A surprisingly fun comedy.
Comparisons will be made with Liar, Liar which also stars Jim Carrey as a man unable to say a lie, whereas in this he's a man unable to say no.
Over the past decade, Carrey has tried to shy away from the rubberface act which made him famous, but it returns in effect here with his best out-and-out comedy film since Bruce Almighty.
He begins the movie as an introverted recluse (yes, really) who attends a seminar and is empowered to go an entire year saying yes to any question or request so his life will change for the better. A sweet relationship develops with Zooey Deschanel and the movie does have a good share of both funny and sweet moments.
I won't say this is Carrey's best movie of his funniest performance. It's all pretty much more of the same.
Zooey Deschanel is kooky and adorable though. I just think she's ace (I certainly wouldn't say no to her).
YOU WERE NEVER REALLY HERE (15)
D: Lynne Ramsay
Amazon/Film4/BFI/Why Not (Rosa Attab, Pascal Caucheteux, James Wilson & Lynne Ramsay)
UK/France/USA 2017 (released 2018)
W: Lynne Ramsay [based on the novel by Jonathan Ames]
DP: Thomas Townend
Ed: Joe Bini
Mus: Jonny Greenwood
Joaquin Phoenix (Joe), Ekaterina Samsonov (Nina Votto), Alex Manette (Albert Votto), John Doman (John McCleary), Judith Roberts (Joe's Mother)
To call this film an arthouse version of Taxi Driver wouldn't be too far off the mark. Both films deal with troubled loners who rescue underage girls from a life of prostitution, but this is vastly different when you scratch beneath the surface.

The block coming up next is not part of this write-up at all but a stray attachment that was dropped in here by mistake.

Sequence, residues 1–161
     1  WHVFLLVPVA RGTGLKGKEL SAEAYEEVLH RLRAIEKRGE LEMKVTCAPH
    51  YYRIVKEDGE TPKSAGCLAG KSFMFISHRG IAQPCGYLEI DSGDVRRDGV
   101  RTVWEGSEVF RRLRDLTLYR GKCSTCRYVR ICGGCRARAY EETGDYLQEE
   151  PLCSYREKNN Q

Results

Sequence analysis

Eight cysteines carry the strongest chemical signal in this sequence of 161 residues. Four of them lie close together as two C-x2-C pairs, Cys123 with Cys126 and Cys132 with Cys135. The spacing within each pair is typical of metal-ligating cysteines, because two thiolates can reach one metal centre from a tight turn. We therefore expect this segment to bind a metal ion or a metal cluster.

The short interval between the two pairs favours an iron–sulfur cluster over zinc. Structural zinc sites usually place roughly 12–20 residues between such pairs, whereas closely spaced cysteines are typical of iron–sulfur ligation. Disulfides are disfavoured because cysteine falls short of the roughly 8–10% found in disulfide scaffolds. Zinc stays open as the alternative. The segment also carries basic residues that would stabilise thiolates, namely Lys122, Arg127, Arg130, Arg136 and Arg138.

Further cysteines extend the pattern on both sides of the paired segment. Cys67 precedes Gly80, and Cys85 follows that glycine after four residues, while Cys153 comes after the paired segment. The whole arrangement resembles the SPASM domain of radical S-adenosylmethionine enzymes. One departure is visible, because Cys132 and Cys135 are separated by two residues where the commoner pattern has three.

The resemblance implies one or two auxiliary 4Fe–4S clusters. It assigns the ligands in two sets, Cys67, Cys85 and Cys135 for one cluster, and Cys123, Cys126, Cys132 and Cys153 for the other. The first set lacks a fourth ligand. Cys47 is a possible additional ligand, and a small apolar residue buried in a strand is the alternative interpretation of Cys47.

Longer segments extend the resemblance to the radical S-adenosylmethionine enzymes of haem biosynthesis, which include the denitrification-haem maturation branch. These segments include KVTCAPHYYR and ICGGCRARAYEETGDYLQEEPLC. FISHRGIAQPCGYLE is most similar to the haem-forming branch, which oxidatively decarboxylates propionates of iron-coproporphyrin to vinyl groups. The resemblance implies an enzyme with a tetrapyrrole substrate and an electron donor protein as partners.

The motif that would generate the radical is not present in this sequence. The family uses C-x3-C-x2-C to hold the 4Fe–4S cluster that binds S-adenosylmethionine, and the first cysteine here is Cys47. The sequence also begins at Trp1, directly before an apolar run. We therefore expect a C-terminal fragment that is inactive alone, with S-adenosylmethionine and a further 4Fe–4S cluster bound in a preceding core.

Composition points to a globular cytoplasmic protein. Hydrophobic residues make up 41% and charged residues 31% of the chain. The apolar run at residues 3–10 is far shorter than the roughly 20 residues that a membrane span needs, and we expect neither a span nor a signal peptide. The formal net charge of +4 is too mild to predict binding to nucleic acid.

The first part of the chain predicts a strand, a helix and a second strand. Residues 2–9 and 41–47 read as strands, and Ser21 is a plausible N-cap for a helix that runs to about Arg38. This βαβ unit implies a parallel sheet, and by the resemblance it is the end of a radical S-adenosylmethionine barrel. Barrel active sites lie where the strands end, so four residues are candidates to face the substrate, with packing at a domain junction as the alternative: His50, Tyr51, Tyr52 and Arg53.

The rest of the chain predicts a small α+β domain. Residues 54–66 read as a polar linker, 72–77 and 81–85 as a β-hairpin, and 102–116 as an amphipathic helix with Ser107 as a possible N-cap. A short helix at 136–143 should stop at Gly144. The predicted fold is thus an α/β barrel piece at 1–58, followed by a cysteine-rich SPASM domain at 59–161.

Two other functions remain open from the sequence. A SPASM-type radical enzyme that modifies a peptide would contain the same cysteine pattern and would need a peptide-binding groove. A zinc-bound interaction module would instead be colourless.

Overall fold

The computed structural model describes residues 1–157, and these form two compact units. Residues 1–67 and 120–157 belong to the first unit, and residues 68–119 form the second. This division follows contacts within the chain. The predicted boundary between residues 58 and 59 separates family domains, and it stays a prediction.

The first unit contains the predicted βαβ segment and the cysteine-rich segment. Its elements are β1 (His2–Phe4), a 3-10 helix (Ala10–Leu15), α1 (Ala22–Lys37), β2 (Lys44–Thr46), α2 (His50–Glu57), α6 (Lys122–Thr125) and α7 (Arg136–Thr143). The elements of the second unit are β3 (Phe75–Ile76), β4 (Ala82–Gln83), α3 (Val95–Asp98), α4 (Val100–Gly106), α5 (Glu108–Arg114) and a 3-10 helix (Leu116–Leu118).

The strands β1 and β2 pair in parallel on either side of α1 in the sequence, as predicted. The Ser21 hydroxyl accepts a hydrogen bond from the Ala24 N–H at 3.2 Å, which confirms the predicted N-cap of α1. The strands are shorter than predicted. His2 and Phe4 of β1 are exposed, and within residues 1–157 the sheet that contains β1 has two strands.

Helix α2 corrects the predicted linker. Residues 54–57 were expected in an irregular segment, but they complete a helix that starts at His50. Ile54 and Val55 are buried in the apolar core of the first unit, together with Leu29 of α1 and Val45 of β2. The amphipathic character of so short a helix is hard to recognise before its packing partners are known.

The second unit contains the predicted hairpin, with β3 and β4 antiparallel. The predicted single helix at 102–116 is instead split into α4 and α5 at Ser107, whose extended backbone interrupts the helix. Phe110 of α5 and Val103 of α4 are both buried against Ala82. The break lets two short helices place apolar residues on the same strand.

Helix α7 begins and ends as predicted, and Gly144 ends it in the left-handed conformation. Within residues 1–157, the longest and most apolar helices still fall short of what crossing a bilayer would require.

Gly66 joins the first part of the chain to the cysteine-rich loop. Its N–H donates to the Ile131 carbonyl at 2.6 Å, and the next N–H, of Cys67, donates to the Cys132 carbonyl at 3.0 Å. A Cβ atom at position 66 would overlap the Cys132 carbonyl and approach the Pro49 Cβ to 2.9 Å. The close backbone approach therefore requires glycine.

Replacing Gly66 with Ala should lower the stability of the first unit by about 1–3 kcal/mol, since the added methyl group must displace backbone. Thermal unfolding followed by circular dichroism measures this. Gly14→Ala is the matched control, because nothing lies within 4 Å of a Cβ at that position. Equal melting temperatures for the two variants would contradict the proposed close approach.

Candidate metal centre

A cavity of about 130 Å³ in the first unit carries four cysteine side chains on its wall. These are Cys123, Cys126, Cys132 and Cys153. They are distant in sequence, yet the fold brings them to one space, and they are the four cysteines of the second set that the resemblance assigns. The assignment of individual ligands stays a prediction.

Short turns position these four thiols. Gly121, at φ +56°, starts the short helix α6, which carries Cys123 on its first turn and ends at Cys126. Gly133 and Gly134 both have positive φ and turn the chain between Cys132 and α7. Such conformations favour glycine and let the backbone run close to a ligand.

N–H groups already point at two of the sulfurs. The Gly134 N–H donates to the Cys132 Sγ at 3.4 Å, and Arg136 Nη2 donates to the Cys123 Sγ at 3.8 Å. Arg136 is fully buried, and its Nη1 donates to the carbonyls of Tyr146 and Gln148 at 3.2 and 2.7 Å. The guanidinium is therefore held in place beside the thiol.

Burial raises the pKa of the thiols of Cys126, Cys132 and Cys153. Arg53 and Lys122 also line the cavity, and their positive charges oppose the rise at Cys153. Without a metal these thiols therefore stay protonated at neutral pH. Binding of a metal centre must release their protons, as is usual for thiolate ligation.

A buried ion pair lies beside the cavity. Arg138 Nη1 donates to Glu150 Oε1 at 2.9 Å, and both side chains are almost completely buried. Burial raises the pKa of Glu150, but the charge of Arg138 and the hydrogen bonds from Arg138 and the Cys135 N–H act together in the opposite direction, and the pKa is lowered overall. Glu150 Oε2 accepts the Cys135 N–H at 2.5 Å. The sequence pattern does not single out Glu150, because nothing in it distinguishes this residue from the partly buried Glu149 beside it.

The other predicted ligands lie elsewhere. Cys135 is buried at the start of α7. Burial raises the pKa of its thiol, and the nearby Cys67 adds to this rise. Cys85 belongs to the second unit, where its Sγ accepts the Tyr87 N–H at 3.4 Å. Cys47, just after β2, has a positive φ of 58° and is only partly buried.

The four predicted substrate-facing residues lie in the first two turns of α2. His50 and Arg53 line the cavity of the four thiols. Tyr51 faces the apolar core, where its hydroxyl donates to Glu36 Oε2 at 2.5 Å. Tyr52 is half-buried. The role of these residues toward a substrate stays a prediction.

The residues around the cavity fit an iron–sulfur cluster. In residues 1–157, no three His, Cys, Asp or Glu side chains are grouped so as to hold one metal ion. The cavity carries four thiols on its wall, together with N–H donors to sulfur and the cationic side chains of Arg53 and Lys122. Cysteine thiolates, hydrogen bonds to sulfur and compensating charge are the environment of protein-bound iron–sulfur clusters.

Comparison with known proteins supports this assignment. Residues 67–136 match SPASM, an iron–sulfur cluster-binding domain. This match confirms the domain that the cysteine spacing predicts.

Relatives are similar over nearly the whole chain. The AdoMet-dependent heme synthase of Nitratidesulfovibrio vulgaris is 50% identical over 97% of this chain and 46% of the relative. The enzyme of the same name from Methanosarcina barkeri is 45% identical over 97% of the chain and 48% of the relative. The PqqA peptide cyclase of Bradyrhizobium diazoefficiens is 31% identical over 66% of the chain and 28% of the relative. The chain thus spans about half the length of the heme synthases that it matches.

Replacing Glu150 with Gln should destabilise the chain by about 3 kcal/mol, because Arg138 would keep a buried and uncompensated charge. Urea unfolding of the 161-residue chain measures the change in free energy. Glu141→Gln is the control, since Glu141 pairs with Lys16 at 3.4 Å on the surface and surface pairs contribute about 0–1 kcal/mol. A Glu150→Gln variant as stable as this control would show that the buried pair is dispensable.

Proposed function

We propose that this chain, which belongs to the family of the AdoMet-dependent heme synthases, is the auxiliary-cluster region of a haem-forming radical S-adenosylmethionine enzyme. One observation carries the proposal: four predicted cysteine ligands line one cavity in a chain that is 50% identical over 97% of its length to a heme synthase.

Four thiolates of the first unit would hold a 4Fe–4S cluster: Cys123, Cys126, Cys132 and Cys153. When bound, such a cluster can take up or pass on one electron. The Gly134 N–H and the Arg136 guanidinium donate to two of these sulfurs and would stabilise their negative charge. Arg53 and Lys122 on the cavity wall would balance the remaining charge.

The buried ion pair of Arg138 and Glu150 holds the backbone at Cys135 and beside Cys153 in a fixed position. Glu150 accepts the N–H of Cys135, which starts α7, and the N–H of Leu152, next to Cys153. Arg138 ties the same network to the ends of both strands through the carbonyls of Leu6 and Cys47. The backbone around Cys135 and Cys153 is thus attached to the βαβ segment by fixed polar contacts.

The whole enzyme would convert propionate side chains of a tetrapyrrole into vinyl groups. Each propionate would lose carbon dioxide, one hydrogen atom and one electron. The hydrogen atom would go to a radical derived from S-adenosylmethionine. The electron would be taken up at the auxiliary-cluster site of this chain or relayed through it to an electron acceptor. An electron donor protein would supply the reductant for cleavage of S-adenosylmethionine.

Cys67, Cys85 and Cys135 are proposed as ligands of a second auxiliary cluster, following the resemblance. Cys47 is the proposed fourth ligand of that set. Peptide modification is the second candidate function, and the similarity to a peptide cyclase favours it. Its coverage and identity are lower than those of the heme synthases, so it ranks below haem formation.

Joaquin Phoenix won the Best Actor at the 2017 Cannes Film Festival for his portrayal as Joe, a war veteran suffering from PTSD and painkiller addiction, haunted by his an abusive childhood and working as a hired gun to rescue young girls from similar fates. He undertakes a job to rescue a senator's daughter, and becomes embroiled in a deeper conspiracy.
It's a film unlike anything else you'll see, with the real story happening on the dual layer, unveiling Joe's relationship with his mother being the real story of an abusive childhood, with almost everything else being a flight of fantasy happening within his mind.
It's not a film for everyone, and even if you are a fan of arthouse films, there's a chance you'll finish the film scratching your head and wondering what the hell you've just watched.
Joaquin Phoenix delivers an excellent performance, while Jonny Greenwood's jarring music also deserves a lot of credit. The film itself is very much an acquired taste.
THE YOUNG VICTORIA (PG)
D: Jean-Marc Vallée
Momentum/GK Films (Martin Scorsese, Graham King, Timothy Headington & Sarah Ferguson)
W: Julian Fellowes
DP: Hagen Bogdanski
Ed: Jill Bilcock & Matt Garner
Mus: Ilan Eshkeri
PD: Patrice Vermette
Cos: Sandy Powell
Emily Blunt (Queen Victoria), Rupert Friend (Prince Albert of Saxe-Coburg & Gotha), Miranda Richardson (The Duchess Of Kent), Mark Strong (Sir John Conroy), Jim Broadbent (King William IV), Paul Brittany (Lord Melbourne), Harriet Walter (Queen Adelaide)
This historical drama focuses on the early days Queen Victoria's reign, as she is bound by a political rule that she sits as a regent until she comes of age, as well as focusing on her blossoming relationship with Prince Albert, whom she would subsequently marry and have children with.
This historical romantic drama has fine attention to period detail, especially with the Oscar-winning costumes, and boasts a wonderful performance by lead Emily Blunt. The story, however, has been relocated from other period pieces into the opulent palaces of royalty. It's practically a BBC miniseries with a bigger production budget. It also fails to mention anything of Victoria's addition to cocaine.
Still, it will be very well received by those who like these kinds of movies.